Hurricane Katrina took Saints' Cyril Lemon from New Orleans, led to a better life

METAIRIE, La. -- Hurricane Katrina took away Cyril Lemon's home and separated him from some of his family and close friends. But it gave him a chance at a better life.

That's why Lemon is back in New Orleans 10 years later, chasing an improbable dream as an undrafted rookie guard with the New Orleans Saints.

"I look at it as a blessing. I wouldn't be the man I am today. I wouldn't be where I am today without Katrina, without the Lord's guiding me, my church, my mom, my family to the places I've been in life," said Lemon, who was 12 years old when he evacuated New Orleans with his mom and about 200 people from their church group, Smoking for Jesus Ministry.

They didn't intend to leave for good, said Cyril's mom, June Lemon. But after the levees broke, most of them didn't have homes to go back to. So they eventually wound up in the tiny Texas town of Marble Falls -- where Lemon's sister eventually joined them and where many of them still live in a close-knit group today.

It took a while to get to Marble Falls, which is about an hour northwest of Austin. The group spent months traveling to several cities in Texas, searching for a place where they could all settle together. They tried Lumberton, just an hour outside of Louisiana, but Hurricane Rita forced them to evacuate again. They eventually found Marble Falls, which had a new apartment complex with enough vacancies for the roughly 60 families.

For most of them, Marble Falls was a different world. A small, rural town, mostly white, different in almost every way from where the Lemons had lived in New Orleans' 7th and 9th Wards.

"I was missing friends, missing family, it was a different atmosphere. But I think, all in all, it was good for me, because I got to see both sides of the fence," Lemon said. "New Orleans is predominantly African-American. I wasn't used to being around Caucasians. And then I moved to Texas to a place where I'm the minority. And I have to cope with that and I have to venture out. So in that aspect, I think it was very good for me as a person."

Marble Falls had something else that Lemon's old neighborhood didn't -- football.

Lemon was always too big to play park ball in New Orleans, so he had only dabbled in a flag football league for a few weeks before Katrina. Once he got to Texas, he joined a team and quickly began to thrive.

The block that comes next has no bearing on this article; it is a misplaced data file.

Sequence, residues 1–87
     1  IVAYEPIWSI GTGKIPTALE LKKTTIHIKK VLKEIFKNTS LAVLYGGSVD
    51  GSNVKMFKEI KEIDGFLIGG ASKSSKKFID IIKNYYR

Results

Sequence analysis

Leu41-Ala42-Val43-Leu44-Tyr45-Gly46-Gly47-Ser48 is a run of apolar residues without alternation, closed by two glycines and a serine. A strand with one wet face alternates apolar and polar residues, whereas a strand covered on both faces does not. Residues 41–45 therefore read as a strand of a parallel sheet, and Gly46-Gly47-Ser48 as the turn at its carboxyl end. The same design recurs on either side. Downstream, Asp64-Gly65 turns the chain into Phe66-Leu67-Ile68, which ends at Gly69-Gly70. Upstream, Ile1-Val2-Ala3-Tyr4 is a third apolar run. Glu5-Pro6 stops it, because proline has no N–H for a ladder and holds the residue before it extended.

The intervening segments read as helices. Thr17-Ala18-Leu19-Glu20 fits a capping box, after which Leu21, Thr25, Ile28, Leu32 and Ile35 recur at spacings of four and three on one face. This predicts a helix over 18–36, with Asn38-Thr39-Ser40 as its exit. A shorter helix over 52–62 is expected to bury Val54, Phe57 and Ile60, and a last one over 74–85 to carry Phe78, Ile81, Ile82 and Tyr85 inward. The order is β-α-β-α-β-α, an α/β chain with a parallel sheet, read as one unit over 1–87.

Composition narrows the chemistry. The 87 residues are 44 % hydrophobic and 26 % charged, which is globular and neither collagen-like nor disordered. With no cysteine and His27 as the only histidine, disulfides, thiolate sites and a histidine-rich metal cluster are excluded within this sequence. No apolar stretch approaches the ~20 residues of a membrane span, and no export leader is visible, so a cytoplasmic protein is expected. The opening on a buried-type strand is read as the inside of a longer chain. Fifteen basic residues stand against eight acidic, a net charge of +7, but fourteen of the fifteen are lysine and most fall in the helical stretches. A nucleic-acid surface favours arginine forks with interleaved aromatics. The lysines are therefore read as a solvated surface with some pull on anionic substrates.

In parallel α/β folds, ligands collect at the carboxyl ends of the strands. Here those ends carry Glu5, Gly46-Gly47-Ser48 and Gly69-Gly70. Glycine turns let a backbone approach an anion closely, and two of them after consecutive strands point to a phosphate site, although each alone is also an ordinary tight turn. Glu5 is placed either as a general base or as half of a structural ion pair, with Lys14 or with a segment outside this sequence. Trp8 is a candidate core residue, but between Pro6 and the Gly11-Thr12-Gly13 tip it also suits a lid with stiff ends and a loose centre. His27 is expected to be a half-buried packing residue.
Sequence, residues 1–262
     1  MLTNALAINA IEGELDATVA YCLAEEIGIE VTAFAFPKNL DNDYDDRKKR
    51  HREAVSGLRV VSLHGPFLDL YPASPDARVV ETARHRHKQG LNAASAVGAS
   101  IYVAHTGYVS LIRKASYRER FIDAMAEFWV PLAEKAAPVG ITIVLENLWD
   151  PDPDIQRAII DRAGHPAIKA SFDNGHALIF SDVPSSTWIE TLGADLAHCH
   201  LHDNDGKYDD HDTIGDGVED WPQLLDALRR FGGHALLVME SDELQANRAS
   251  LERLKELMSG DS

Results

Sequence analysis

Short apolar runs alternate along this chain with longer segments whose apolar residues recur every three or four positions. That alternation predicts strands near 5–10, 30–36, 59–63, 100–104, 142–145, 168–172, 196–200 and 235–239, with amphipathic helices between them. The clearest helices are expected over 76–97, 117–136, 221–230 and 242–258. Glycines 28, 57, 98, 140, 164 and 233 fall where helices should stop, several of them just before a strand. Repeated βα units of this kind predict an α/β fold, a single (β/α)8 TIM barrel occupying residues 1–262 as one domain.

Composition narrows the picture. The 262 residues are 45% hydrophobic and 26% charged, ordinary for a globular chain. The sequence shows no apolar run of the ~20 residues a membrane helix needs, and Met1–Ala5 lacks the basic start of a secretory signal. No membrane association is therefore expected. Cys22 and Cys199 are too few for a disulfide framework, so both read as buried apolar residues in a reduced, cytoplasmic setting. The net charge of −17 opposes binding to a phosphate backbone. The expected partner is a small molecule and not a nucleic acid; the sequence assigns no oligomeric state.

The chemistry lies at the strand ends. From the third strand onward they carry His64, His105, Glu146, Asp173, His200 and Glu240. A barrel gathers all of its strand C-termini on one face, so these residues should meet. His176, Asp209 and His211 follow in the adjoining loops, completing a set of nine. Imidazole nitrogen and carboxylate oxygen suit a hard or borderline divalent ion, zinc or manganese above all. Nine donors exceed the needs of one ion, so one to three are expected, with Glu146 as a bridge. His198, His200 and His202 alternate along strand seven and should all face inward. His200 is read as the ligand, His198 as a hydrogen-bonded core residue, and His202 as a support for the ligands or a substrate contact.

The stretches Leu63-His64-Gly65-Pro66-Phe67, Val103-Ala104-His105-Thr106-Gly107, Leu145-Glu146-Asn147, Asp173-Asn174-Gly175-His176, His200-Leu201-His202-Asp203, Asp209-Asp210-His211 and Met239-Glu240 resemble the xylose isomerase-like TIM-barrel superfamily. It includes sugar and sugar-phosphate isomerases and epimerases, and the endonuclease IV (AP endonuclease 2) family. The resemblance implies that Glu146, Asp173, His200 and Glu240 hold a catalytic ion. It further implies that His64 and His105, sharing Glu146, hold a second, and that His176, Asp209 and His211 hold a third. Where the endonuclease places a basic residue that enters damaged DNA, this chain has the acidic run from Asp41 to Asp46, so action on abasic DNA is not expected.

"The first time I played was on the seventh grade C team, the last game of the season. We didn't practice; 'Just throw 'em in there.' We lost by a lot," Lemon said with a laugh. "The next year I was on an A team. And from that time on, I was starting."

June said the friends Cyril met by diving into football also helped him quickly make the adjustment. As an added bonus, he wasn't dealing with the allergies that had been a problem back in New Orleans.

Cyril and June both said they valued the education he got in junior high and high school in Texas. And though they both say their life was good in New Orleans East, surrounded by family and friends, June was glad that Cyril went through his adolescence away from some of the crime that he could have been exposed to.

"It's a different type of life here," said June, who said she still has some mixed emotions about Lemon being a young, black man in New Orleans today.

But she said she has no such reservations about him joining the Saints -- the team that her family has always passionately rooted for.

"Haaa," June said. "That was full circle. I never saw that coming."

Lemon said he chose the Saints over three other teams after going undrafted out of North Texas, in part because it gave him the chance to come home. It gave him a chance to reconnect with family, including his father, who remained in New Orleans the whole time.

Lemon and his dad didn't live together before he evacuated. They stayed in touch over the years, but they didn't see each other often -- going a full four years between Lemon's high school and college graduations. Now they talk almost every day.

Lemon also gets to see his great grandmother on his mother's side more, along with aunts and uncles and cousins. Just last Saturday after Lemon's first game in the Superdome (he didn't play because of injury), he reconnected with an old friend who used to live across the street and now works as a Superdome security guard.

"I think it's crazy, I leave New Orleans in 2005, I live my adolescent years in Texas, I grow in Texas, I go to school in Texas, and come back to New Orleans," Lemon said. "It's kind of crazy. My family's here. I had a relationship with my family, but it's kind of hard since I lived 10 hours away. Now I get to see them and connect with them."

Lemon (6-foot-3, 315 pounds) is probably a long shot to make the Saints' roster. Perhaps the practice squad is a possibility. But he'll be prepared for whatever happens next since he's a firm believer that things happen for a reason.

"Cyril is a very humble young man, and he's grateful," June said. "He don't take the opportunities that have been given him in life for granted. He works hard, he realizes that you have to capitalize on them."

But she said they're both "very appreciative of everything that's happened."

"You would have never thought a tragedy would turn into such a great story, a blessing," June said.